Review: Snoopy vs. the Red Baron

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Good: Entertaining air combat, easy to pick up, presentation carries cartoon's charm

Bad: Too short, limited multiplayer

Realistic: Shooting down WWI fighter planes with potato guns. That would totally work.

The developers of Snoopy vs. the Red Baron really could have done a lot worse with the Peanuts franchise. It would have been extremely easy to use Snoopy, Charlie Brown, and the rest of the gang in some sort of half-cooked adventure platformer, so the decision to make a flight combat game is admirable in and of itself. The fact that it's actually a fun title for players of all ages is even better.

Players can take control of nearly the entire Peanuts cast as they step into the psyche of the titular canine and his daydreams about being a WWI fighter pilot. The campaign takes place over the course of 22 missions, which are spread over a variety of environments ranging from oceanic islands to wooded forests to snowy mountains. Unfortunately, the entire campaign feels short, and most players will wish there were at least a few bonus missions to play through.

While it lasts, the core gameplay is surprisingly good. Control is like a simplified version of other flying combat games, with the left analog stick controlling your flight direction and the shoulder buttons being used to speed up and slow down. You can also perform a variety of stunts including spins and barrel rolls with just the touch of a button. In execution, maneuvering your plane is extremely easy, and the game even provides a nice tutorial for players new to the genre.

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Each plane comes equipped with machine guns, which thankfully never run out of ammunition. In addition to these primary weapon systems, players can pick up secondary weapons that are more powerful, but consume the character's stunt energy. These secondary weapons include items such as the controllable Sky Rocket, the bee-firing Stinger, and the rapid-fire Potato Gun. They're all very creative in their design, but their effects are fairly similar in use.

As you progress through the campaign, you will earn money that can be used to upgrade your plane. Unfortunately, the upgrade system is pretty basic, as the only areas you can improve are health, stunt energy, and machine gun strength. You can also choose to spend your funds to unlock new secondary weapons and playable characters. Most players should be able to obtain almost everything in one playthrough, minimizing the need to play through again.

The game also features split-screen multiplayer for two players, but this mode seems too simplistic for its own good. Three modes are offered, all slight variations on the classic deathmatch setup. Players can play as a wide variety of characters from the Peanuts cast, each with their own unique statistics. Despite being limited to two players, you can also choose to have a number of computer-controlled bots playing with you. Unfortunately, the AI present in these bots is pretty minimal, and you should be able to shoot them down with little to no trouble. Overall, it's nice that they included some kind of multiplayer, but there's just not enough here to keep most players occupied for very long.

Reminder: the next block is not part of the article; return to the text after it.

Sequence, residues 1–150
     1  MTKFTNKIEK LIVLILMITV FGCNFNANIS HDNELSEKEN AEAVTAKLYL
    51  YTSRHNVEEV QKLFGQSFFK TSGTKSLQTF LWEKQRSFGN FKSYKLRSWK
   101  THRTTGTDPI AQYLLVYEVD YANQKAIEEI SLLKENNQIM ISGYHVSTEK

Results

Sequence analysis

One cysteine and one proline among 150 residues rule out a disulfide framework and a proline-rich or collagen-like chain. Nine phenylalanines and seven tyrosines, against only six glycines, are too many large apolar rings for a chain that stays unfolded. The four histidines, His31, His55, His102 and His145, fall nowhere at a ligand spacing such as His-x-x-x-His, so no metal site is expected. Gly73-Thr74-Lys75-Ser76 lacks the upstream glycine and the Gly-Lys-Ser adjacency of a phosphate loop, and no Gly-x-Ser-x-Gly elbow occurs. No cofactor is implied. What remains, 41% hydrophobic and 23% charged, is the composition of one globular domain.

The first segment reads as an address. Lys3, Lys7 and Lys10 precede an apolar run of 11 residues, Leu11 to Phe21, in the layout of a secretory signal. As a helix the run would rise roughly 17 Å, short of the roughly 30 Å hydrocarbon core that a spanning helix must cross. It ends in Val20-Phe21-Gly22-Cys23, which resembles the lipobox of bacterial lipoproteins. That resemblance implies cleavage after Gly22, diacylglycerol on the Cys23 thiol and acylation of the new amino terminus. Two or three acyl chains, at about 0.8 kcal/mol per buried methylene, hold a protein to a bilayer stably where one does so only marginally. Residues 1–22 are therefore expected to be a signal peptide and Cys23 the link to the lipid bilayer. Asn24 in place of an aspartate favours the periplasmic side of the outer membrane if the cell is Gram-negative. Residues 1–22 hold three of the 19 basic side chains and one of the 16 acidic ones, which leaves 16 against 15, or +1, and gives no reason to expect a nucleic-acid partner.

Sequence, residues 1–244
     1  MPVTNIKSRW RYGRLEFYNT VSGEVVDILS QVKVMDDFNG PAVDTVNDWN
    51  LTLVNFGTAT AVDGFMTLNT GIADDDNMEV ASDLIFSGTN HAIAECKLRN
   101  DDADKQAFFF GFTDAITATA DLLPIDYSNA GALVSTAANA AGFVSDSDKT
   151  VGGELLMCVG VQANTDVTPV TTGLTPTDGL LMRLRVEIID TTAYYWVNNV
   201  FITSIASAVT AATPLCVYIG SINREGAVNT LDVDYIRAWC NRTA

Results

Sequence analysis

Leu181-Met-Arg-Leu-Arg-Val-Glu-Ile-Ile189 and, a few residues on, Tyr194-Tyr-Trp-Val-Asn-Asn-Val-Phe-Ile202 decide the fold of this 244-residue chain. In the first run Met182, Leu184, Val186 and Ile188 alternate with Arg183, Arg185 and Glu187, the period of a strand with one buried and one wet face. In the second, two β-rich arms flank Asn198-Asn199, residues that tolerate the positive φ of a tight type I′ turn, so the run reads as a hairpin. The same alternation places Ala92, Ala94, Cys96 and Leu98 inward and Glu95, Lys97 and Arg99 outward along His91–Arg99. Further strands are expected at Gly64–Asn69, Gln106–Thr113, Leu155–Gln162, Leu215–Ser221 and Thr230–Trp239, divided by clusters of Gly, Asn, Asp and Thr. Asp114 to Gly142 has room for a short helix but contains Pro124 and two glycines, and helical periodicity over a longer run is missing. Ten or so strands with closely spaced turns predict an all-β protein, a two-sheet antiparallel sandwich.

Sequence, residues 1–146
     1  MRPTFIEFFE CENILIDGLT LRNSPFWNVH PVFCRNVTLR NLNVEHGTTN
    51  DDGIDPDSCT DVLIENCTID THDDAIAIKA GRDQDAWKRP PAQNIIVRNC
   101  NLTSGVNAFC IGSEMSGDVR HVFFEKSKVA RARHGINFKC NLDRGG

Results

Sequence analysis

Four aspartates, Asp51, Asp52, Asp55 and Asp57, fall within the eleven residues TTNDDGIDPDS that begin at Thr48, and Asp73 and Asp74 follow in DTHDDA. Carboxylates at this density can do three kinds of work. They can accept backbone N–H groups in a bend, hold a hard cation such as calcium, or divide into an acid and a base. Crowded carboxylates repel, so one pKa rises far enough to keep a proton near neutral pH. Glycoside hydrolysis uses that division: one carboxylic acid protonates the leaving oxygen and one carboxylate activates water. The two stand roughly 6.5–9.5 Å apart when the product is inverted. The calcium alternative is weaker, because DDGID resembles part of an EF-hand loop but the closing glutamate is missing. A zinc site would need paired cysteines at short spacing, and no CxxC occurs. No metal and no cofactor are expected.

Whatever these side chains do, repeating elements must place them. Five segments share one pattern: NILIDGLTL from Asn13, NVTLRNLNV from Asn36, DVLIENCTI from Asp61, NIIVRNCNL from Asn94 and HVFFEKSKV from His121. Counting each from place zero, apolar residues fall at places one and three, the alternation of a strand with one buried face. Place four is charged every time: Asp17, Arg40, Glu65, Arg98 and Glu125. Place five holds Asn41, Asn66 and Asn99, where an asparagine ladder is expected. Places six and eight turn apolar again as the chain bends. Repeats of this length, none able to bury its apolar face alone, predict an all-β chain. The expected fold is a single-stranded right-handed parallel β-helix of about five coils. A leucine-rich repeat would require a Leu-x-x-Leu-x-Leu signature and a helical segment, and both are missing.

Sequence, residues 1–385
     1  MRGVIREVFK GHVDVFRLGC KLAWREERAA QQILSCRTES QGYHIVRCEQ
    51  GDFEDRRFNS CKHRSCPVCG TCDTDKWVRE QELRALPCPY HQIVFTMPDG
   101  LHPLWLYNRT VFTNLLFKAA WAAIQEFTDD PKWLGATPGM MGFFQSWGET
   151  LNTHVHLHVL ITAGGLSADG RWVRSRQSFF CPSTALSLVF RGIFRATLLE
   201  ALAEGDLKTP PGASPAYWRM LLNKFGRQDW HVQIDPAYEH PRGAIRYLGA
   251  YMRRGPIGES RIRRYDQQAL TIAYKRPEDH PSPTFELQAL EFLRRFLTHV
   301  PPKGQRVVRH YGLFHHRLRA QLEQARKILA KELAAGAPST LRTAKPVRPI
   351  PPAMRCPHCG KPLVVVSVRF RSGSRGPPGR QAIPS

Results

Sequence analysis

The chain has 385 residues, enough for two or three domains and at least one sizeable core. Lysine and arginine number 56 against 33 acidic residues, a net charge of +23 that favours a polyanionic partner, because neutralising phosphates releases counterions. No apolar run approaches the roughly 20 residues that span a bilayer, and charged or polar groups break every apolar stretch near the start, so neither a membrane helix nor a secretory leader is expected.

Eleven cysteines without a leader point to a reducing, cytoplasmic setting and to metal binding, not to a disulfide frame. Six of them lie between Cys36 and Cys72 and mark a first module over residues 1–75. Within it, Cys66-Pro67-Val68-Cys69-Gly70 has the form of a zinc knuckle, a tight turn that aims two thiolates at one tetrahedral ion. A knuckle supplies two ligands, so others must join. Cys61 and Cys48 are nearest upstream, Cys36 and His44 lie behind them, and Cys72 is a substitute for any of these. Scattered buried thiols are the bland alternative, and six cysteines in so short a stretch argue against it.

One of the main selling points of the title is just how well it captures the license's style in its presentation. Everything from the cutscenes to the character animations to the soundtrack oozes of vintage Peanuts cartoons. Each character, despite being 3-D, looks remarkably like its animated counterpart. In addition to the expected combat anthems, the soundtrack is composed of a nice amount of piano melodies that elicit memories of classic Peanuts tunes. Also, the characters' voice acting is spot on, and the dialogue contains a number of the series' trademark expressions. It's a great presentation and fans of the franchise will not be let down.

Unfortunately, there are still a few blemishes technically. The graphics are at times basic and some of the textures just don't look that good. While the environments are bright and colorful, they're occasionally repetitive in terms of scenery. It's nothing crippling to the game's presentation, but it's not exactly a technical showcase either.

Overall, Snoopy vs. the Red Baron is a fun, simple flight combat game that should appeal to fans of all ages. It might not be the longest or most technically advanced game out there, but it makes up for it in terms of presentation and just plain fun.

Graphics: 7.5

Sound: 8.0

First Play: 7.5

Replay Value: 6.5

Gameplay: 7.5

Overall: 7.4

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